Lawmakers from around the nation’s capital are continuing to press federal departments and agencies to expand telework during the coronavirus pandemic.
Members of Congress also want continuity of operations plans more publicly accessible.
The response to the COVID-19 pandemic has featured inconsistent decision-making by the federal government about the use of telework, even as the Office of Personnel Management has said the government is open with “maximum telework flexibility” for eligible employees.
“With this administration, everything has been a challenge in relation to the federal workforce,” Sen. Benjamin L. Cardin told CQ Roll Call. “So many things this administration has done have been counterproductive.”
The Maryland Democrat said the lack of clear direction from the top — likely exacerbated by the sudden departure of OPM Director Dale Cabaniss earlier this week — shows the risks of not paying attention to the needs of the federal workforce.
“Here we start now with the coronavirus, and where we’re urging employers of groups to make sure that we have no large [number of] people present in any one place, and we can’t get the federal government to be the leader on telecommuting, which is something that should have been in the plans for an emergency plan,” Cardin said Wednesday night. “To this date, there’s still not clear direction on how federal workers can telecommute.”
“In some agencies, federal workers are just not coming in. … In others, it’s unclear whether they can use leave. It’s unclear whether they can work from their home. There hasn’t been that common direction,” Cardin added. “This should have been done a long, long time ago. We’ve been urging telecommuting as a matter of efficiency well before the coronavirus.”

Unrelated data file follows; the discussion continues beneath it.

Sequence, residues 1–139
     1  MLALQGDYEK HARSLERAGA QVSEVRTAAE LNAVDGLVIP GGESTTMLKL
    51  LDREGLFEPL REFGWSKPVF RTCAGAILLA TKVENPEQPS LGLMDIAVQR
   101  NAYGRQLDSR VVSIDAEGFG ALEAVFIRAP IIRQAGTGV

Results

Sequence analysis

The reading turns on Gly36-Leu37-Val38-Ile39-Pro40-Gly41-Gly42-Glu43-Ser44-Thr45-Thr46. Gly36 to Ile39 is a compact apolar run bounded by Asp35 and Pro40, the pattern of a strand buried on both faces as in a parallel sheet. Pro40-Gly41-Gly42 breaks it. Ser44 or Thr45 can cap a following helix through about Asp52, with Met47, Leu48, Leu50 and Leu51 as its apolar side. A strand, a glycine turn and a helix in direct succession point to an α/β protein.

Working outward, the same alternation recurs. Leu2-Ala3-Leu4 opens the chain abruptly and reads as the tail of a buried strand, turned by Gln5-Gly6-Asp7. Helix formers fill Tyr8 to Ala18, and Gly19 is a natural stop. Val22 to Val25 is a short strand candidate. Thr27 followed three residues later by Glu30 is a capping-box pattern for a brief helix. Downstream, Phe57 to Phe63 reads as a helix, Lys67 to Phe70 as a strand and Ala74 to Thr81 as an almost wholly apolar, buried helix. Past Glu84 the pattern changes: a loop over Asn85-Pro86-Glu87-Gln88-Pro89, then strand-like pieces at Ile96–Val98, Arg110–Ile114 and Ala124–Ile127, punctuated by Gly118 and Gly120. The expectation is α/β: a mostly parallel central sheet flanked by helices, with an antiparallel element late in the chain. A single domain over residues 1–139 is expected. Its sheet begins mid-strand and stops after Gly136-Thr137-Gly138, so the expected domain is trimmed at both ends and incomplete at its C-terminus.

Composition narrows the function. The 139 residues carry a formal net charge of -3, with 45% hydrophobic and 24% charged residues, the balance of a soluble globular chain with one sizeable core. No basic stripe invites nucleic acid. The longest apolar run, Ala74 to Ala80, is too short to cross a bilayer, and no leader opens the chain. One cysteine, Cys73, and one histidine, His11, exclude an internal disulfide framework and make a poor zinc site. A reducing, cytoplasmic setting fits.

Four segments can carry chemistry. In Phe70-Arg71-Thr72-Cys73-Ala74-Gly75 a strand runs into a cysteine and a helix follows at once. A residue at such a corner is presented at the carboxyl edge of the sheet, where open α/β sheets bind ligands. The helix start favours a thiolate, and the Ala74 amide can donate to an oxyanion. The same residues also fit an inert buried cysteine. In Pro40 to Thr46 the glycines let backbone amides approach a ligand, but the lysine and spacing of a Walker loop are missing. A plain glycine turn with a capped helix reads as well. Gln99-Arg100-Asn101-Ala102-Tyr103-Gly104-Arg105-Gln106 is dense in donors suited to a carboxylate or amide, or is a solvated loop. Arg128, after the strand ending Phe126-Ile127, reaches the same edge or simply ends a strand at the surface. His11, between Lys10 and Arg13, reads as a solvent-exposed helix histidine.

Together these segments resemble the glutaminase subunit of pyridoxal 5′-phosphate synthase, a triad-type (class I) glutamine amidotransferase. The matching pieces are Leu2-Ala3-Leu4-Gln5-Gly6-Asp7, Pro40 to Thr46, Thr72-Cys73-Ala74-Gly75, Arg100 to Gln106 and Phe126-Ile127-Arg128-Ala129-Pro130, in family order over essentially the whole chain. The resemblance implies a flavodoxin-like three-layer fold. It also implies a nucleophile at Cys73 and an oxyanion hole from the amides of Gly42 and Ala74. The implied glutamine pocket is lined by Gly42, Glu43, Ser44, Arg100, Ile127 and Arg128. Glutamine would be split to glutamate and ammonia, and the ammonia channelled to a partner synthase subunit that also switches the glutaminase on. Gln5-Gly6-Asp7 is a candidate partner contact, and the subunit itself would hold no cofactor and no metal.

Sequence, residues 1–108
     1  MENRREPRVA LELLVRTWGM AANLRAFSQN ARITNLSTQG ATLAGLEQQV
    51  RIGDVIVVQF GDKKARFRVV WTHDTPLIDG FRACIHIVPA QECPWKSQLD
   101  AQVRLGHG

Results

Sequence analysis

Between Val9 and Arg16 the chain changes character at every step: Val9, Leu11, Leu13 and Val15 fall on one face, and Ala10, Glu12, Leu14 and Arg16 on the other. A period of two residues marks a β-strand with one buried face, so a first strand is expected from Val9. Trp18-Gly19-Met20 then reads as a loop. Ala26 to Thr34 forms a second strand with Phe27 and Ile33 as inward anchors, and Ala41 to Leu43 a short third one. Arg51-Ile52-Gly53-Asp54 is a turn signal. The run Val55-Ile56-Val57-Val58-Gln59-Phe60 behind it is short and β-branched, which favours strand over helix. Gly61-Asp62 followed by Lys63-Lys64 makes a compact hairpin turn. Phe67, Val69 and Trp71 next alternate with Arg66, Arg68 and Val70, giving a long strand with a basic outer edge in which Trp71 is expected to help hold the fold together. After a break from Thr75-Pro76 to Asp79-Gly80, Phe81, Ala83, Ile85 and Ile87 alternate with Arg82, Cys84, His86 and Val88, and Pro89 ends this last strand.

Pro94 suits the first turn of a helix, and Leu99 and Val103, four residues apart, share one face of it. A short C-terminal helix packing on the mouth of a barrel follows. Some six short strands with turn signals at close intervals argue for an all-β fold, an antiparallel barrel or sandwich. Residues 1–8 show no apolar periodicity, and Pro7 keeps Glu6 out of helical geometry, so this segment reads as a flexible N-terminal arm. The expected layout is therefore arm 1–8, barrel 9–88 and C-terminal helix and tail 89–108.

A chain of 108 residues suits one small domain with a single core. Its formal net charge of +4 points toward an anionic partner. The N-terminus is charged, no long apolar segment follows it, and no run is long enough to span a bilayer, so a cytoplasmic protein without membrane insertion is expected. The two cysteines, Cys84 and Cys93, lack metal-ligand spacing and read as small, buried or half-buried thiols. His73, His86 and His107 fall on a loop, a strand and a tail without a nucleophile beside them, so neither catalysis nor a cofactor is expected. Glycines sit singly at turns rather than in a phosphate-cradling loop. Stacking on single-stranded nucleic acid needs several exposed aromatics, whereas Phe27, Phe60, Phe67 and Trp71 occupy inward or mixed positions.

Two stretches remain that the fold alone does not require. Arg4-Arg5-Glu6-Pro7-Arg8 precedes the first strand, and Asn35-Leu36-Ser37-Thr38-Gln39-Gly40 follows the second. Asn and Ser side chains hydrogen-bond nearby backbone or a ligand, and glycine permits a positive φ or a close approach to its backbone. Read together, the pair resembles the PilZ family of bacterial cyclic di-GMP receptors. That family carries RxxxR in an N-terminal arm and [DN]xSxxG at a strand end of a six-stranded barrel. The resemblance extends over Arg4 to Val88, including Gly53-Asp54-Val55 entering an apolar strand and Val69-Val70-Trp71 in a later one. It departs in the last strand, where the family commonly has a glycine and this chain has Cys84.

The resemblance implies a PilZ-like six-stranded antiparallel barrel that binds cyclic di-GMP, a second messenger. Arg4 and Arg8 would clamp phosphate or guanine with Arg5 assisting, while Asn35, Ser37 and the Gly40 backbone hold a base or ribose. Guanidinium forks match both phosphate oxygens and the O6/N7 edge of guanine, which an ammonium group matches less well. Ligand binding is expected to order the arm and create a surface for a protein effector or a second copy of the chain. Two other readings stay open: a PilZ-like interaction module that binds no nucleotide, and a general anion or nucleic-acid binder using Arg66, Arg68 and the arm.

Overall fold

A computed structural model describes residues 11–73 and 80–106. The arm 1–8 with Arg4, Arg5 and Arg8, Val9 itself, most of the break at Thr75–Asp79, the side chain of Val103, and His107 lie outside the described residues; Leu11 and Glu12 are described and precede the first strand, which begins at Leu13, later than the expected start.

Rep. Jennifer Wexton, a Democrat from Northern Virginia, on Thursday raised particular concerns about the Federal Aviation Administration not mandating telework for nonessential personnel.
“Air traffic controllers and their support staff are vital to the safety and security of our airspace and their health and safety should not be jeopardized as is currently being done,” Wexton wrote in a Thursday letter to FAA Administrator Stephen Dickson. “I request that you take urgent action to protect the FAA workforce by mandating telework for all non-essential employees to limit the number of staff who come in contact with each other as much as possible.”
On Monday, 27 members of the Senate Democratic Conference wrote to President Donald Trump seeking an immediate order to federal departments that they maximize telework.
“The Office of Management and Budget issued guidance for agencies to increase telework flexibility in the National Capital Region, but your order should be a clear direction — rather than general guidance — and it should be worldwide in scope. State and local governments have been far more proactive than the federal Executive Branch in making arrangements for their employees to telework where possible. We have maximized teleworking in our Senate Offices,” wrote the Democrats, led by Maryland Sen. Chris Van Hollen. “You should order Executive agencies to do the same. We must lead by example.”
Acting OMB Director Russell Vought issued a memorandum along those lines Tuesday, but it did not come from the president himself.
“Within 48 hours of the issuance of this Memorandum, all agencies must review, modify, and begin implementing risk-based policies and procedures based on CDC guidance and legal advice, as necessary to safeguard the health and safety of Federal workplaces to restrict the transmission of COVID-19,” Vought’s memo read.
Eight senators, all Democrats, asked Vought and acting OPM Director Michael Rigas on Thursday to direct Trump administration agencies to make continuity of operations plans publicly accessible.
Sen. Mark Warner is leading the latest letter, with the backing of fellow Virginia Democratic Sen. Tim Kaine, the Maryland senators and colleagues from elsewhere in the country.
“As the federal government continues to adapt to the COVID-19 pandemic, we request that you require departments and agencies to post their continuity of operation (COOP) plans online in an accessible format and central location, unless there are legitimate intelligence or national security reasons not to do so,” the senators wrote. “Making these plans transparent and readily available is key to ensuring that our constituents understand what services are continuing in the midst of the uncertainty and disruption caused by COVID-19.”